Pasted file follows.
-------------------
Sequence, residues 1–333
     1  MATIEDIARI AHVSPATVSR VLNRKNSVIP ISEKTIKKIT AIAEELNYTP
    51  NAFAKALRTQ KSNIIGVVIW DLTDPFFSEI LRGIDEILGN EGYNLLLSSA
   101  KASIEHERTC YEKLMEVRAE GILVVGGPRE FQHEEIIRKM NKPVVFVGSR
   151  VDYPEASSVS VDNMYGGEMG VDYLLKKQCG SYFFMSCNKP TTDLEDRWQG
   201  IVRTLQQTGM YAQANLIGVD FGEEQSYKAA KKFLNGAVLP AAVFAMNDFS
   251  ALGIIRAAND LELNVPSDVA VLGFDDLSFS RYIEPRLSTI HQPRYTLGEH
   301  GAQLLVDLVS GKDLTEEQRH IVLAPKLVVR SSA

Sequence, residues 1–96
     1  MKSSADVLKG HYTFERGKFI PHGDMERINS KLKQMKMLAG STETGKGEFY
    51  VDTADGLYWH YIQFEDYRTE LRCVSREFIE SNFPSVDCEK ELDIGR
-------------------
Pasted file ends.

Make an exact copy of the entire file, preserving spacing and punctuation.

Sequence, residues 1–333
     1  MATIEDIARI AHVSPATVSR VLNRKNSVIP ISEKTIKKIT AIAEELNYTP
    51  NAFAKALRTQ KSNIIGVVIW DLTDPFFSEI LRGIDEILGN EGYNLLLSSA
   101  KASIEHERTC YEKLMEVRAE GILVVGGPRE FQHEEIIRKM NKPVVFVGSR
   151  VDYPEASSVS VDNMYGGEMG VDYLLKKQCG SYFFMSCNKP TTDLEDRWQG
   201  IVRTLQQTGM YAQANLIGVD FGEEQSYKAA KKFLNGAVLP AAVFAMNDFS
   251  ALGIIRAAND LELNVPSDVA VLGFDDLSFS RYIEPRLSTI HQPRYTLGEH
   301  GAQLLVDLVS GKDLTEEQRH IVLAPKLVVR SSA

Sequence, residues 1–96
     1  MKSSADVLKG HYTFERGKFI PHGDMERINS KLKQMKMLAG STETGKGEFY
    51  VDTADGLYWH YIQFEDYRTE LRCVSREFIE SNFPSVDCEK ELDIGR